The third bad part of being a volunteer is often the racers themselves. I have often seen racers throw water cups on the ground beside the trash can at a water station, only to turn and laugh to their buddies about how they just gave the volunteers something to do. I have seen racers throw the half empty cup at volunteers. I am not sure how those people have survived this far but, they need to go back and learn some manners and respect. The volunteers are there to help, to make the event happen, to make it enjoyable by everyone there. At finish lines where the volunteers are handing out the shirts, finishing awards and sponsor products, I have seen time and again the volunteers trying to follow the instructions they were given in handing out the items and racers getting all upset because they are out of the size shirt they wanted, the volunteer will not give them a case of this product or that, or the water /beer cups are not being handed out fast enough. The list goes on and on. If you are a racer and are guilty of any of these, please rethink your behavior and thank the volunteers. They are doing sometimes very tough jobs for often very low (or no) pay.

Mud Run Volunteering

The fourth bad thing is where I think the ugly of volunteering comes in and that is the race companies themselves.  Both the volunteer and the race company have a contract. You will work X amount of time, the company will provide you with a shirt, some food and drink, and a free/discounted race. At the last three events I have volunteered, the companies have upped the amount of time I had to work without upping the compensation. When I agree to work from 7 to 7, a full day shift, I expect to be done at 7. I am sorry that there is still more work the company would like done, but I have already spent 12 hours on my feet in the sun, doing a job for you. The fact that they often take a week or more to set everything up, but then want the closing shift volunteers to take everything down in one to three hours just seems a little much to me. I often feel like a hostage near the end of my shift. The staff keeps asking you to do this or that or they tell you that you can’t leave until the next shift show up to replace you. You don’t want to leave without getting your race code and/or anything else you originally agreed to . The next part of that is the fact that some of the events only give the full day volunteers a little more than the half day ones and expect a lot more out of them. One example of this is Tough Mudder, half day gets you a race for $40, a full day gets you a race for $20. The extra 6 – 8 hours of work is at $3 per hour at 6 hours and $2.50 an hour for 8. You get the same shirt, the same lunch for a half or full day. Spartan does do a little better in that a full shift does earn you a volunteer hoodie, but that is only good one time. I don’t need 3 or 4 Spartan volunteer hoodies.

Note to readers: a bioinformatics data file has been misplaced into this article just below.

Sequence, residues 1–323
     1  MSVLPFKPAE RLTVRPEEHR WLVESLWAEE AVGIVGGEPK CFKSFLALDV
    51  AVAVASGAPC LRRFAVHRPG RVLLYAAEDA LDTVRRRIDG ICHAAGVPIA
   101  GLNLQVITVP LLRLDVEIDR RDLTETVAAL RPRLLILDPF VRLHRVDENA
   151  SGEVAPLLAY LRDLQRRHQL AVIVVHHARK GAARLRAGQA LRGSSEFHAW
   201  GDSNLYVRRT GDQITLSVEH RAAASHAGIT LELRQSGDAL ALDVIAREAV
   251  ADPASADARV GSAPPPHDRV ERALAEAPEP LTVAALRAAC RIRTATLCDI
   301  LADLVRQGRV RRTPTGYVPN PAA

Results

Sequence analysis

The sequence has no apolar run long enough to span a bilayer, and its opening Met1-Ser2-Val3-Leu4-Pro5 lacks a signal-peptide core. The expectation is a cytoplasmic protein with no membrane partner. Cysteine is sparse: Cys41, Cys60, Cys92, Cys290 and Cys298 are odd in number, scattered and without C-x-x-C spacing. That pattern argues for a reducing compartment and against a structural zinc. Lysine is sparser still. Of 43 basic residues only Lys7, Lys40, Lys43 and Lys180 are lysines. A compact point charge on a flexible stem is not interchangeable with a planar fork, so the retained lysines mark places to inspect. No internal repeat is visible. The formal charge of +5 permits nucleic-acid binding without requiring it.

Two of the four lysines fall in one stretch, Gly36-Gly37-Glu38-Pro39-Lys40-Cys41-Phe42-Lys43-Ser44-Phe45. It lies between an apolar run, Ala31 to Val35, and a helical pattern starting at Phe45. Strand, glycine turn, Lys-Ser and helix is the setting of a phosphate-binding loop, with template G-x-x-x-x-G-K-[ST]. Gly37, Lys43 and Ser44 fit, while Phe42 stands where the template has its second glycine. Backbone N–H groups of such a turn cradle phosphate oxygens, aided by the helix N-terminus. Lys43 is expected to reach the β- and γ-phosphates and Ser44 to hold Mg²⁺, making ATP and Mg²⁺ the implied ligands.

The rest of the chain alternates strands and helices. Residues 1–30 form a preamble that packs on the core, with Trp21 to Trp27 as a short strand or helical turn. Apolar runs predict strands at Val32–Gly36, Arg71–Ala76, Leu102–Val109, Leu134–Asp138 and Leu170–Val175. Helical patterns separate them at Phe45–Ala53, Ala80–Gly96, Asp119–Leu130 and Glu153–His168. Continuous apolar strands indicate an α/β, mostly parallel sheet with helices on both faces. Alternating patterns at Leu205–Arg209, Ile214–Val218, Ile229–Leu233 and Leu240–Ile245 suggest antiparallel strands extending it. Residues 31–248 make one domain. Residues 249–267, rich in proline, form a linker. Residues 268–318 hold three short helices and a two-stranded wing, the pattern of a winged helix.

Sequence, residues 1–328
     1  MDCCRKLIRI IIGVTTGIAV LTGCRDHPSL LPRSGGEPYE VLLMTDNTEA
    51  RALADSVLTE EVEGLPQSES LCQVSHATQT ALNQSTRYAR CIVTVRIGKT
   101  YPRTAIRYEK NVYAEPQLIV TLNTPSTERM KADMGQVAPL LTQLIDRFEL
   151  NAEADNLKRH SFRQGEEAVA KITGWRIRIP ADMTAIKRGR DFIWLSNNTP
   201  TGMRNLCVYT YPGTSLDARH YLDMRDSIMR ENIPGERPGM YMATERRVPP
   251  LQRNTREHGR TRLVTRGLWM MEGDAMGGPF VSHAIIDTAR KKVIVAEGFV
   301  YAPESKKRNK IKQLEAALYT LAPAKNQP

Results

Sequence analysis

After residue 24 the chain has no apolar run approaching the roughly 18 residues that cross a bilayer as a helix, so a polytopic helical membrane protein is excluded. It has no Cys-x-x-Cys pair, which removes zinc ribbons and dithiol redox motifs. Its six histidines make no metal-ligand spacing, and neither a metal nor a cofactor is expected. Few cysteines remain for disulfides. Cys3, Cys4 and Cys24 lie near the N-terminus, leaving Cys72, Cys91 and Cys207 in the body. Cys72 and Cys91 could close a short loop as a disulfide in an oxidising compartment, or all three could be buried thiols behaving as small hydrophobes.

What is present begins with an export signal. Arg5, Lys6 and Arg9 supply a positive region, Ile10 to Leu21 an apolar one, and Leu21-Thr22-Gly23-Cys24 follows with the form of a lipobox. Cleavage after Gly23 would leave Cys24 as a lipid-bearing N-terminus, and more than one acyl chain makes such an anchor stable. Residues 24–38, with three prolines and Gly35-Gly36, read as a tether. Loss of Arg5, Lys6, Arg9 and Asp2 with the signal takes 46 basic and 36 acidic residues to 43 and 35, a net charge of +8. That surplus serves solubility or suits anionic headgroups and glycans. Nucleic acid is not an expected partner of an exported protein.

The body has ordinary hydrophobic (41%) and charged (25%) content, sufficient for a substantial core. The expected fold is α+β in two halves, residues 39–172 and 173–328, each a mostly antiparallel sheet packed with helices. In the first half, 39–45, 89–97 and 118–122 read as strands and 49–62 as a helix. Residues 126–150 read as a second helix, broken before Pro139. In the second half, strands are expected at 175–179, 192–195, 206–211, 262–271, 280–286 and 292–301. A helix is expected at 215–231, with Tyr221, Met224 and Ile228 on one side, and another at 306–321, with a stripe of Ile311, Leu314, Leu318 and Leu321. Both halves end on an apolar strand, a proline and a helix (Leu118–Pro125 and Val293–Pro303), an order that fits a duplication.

I understand that part of volunteering is being open to the needed changes during the hours you signed up for.  But,  if a change is needed, ask me if I can work a little longer or would I mind changing and doing this job. I think Tough Mudder really needs to rethink how they do it and give the volunteers a code that they can use or give to someone else for a free race rather than a discount. I also think the race companies would get more volunteers if the gave a free race to half and either 2 free or a free and discount to full day.

All of the negatives out in the open, I still volunteer, I know what I am getting myself into and what I am going to get in return. I think all racers should volunteer at some point to see what is happening “behind the scenes”. I hope that the race companies start to look at how much the volunteers do and how they are being treated and “paid”, otherwise there will be less and less volunteers and the events will likely go up in cost and down in quality.